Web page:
Two weeks ago I wrote about how Ordinary Time got named. It’s the season in which we are instructed on how to work effectively together in God’s cause. In last week’s readings we’re told just what that cause is, as Jesus quoted from Isaiah about the work He has come to do. He’s setting about forming an organization to do the Father’s work – changing lives in vivid, distinctive ways: “liberty to captives…recovery of sight to the blind…to let the oppressed go free” – work He will complete in His Risen Body, the Church, through time – and through us.
These days not a few people treat church membership rather like membership in a social club. But nothing could be further from the New Testament, and Ordinary Time begins by reminding us of that. Church membership is rather more like membership on a sports team, or a dance-troupe, or even a band of freedom-fighters: It’s for a purpose outside oneself, and there’s no place for mere passive attendance. Just as athletes and dancers and warriors train, just as their movements are choreographed so that each individual can have maximum impact – that’s the New Testament image of church membership: training and organization for maximum impact.
Saint Paul makes that case very clearly today as he writes to one of the church congregations he has founded: “As a body is one though it has many parts, and all the parts of the body, though many, are one body, so also Christ…. Now you are Christ’s body, and individually parts of it.” The church is the Body of the Risen Christ, continuing to do God the Father’s saving work in God’s creation.
This key fact sets the church apart from every other type of organization. It doesn’t mean that we’re better, or should take over from other organizations that do good work, or that we know how to organize ourselves for our work better than other groups (believe me, I know…). We’re different because at the very root we’re not a group that assembles itself voluntarily: We are called by God to be members of the Body of the Risen Christ – each of us with a vital role to play that can never be done by someone else; that’s why God called us.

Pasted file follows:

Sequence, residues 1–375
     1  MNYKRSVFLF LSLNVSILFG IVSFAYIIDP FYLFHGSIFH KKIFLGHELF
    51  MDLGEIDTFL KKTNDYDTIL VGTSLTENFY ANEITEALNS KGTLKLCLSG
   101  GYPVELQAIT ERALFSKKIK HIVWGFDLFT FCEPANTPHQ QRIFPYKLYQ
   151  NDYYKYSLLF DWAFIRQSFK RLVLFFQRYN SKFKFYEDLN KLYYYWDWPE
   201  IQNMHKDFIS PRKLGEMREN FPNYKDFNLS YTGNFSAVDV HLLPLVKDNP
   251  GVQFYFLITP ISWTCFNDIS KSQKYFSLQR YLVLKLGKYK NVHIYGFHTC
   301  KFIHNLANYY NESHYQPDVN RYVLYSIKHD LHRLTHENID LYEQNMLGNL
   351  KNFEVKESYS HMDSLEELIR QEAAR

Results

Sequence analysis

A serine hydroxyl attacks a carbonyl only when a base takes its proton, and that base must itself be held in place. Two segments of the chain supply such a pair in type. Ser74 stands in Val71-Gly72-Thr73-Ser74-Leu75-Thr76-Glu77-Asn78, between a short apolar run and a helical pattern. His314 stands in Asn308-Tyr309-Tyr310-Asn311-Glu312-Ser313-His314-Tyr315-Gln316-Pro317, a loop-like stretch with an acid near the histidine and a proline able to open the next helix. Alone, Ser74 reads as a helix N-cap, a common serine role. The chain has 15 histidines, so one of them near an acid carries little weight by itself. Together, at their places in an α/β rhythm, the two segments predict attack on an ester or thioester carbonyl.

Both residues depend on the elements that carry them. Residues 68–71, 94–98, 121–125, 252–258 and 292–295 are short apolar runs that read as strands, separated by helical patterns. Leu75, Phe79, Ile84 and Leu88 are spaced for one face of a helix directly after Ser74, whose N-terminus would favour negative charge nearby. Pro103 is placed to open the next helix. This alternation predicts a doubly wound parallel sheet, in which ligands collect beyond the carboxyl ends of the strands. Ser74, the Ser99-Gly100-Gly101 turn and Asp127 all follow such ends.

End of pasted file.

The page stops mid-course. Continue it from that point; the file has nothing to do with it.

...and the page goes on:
Part of the genius of our church is that it makes a place for the contributions of everyone. Even people whom the world might think of only as “burdens,” or as “receivers of care who can’t do much,” or “takers, not makers” are understood by our church to be “part of the team.” If they can only pray at home, it values that prayer as vital. If they can only suffer their infirmity, it sees value in that suffering as an imitation of Christ. The one thing our church can’t make a place for is chosen passivity – refusing to be a part of the team by refusing to do one’s part in moving toward the goal. It recognizes that a part of each of us does want to go off on our own, or to sit back and let others do the work; that’s why it offers the sacrament of confession.
Our parish has as its motto and mission, “We change lives through the Risen Christ.” That’s what God put us here for. Everything we do has to be measured against that: Does it change lives, and is it rooted in the Risen Christ? If the answer to the first part is “no,” then we’re wasting God’s gifts of time and energy. And even if our answer to the first part is “yes,” if we’re not doing it as members of the Risen Christ we might as well be the Lions Club or the Rotary – they do good work to change lives, too.
What does it mean to “change lives through the Risen Christ”? More than I can say here, but at root it means remembering each person as a child of God with an eternal destiny, and bearing the Image of God no matter what his or her external situation or appearance might be. And it means never forgetting that our own connection to Christ through the church is the source of our power to affect one another for good. That’s what makes us different from the Lions, or the Elks, or the Rotary.
So as you listen to the Scriptures of this Ordinary Time, think of them as the “marching orders” for this organization. At the end of Mass we’re sent out to do different jobs; but we’re not sent out to do “our own thing.” It always has to be “Christ’s thing, with one another.” Until next week, peace.